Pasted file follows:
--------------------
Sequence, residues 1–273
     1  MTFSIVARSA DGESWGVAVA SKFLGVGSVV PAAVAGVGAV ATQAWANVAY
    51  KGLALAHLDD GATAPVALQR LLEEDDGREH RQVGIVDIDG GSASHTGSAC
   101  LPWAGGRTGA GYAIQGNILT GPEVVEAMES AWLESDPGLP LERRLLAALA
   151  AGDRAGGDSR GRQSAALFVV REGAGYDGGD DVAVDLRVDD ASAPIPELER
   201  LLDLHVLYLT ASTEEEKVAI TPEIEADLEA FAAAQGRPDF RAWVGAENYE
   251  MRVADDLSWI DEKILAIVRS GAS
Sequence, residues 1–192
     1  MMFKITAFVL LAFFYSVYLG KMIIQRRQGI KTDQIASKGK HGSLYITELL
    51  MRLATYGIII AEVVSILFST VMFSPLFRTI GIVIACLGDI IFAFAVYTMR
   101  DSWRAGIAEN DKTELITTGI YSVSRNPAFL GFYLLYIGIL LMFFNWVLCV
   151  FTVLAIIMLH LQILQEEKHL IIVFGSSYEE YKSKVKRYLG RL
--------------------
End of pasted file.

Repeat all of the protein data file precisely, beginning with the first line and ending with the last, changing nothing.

Sequence, residues 1–273
     1  MTFSIVARSA DGESWGVAVA SKFLGVGSVV PAAVAGVGAV ATQAWANVAY
    51  KGLALAHLDD GATAPVALQR LLEEDDGREH RQVGIVDIDG GSASHTGSAC
   101  LPWAGGRTGA GYAIQGNILT GPEVVEAMES AWLESDPGLP LERRLLAALA
   151  AGDRAGGDSR GRQSAALFVV REGAGYDGGD DVAVDLRVDD ASAPIPELER
   201  LLDLHVLYLT ASTEEEKVAI TPEIEADLEA FAAAQGRPDF RAWVGAENYE
   251  MRVADDLSWI DEKILAIVRS GAS
Sequence, residues 1–192
     1  MMFKITAFVL LAFFYSVYLG KMIIQRRQGI KTDQIASKGK HGSLYITELL
    51  MRLATYGIII AEVVSILFST VMFSPLFRTI GIVIACLGDI IFAFAVYTMR
   101  DSWRAGIAEN DKTELITTGI YSVSRNPAFL GFYLLYIGIL LMFFNWVLCV
   151  FTVLAIIMLH LQILQEEKHL IIVFGSSYEE YKSKVKRYLG RL